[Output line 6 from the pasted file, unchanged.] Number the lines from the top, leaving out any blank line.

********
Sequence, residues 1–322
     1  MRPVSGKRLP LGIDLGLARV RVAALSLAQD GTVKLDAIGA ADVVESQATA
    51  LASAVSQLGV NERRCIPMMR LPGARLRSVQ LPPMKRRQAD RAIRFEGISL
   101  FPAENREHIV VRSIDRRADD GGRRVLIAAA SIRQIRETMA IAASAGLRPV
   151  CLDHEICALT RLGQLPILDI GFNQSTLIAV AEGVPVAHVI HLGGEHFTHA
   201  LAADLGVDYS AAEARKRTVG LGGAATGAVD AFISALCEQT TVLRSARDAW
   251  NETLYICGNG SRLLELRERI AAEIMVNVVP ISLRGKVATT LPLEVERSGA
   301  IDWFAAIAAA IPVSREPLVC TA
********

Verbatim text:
   201  LAADLGVDYS AAEARKRTVG LGGAATGAVD AFISALCEQT TVLRSARDAW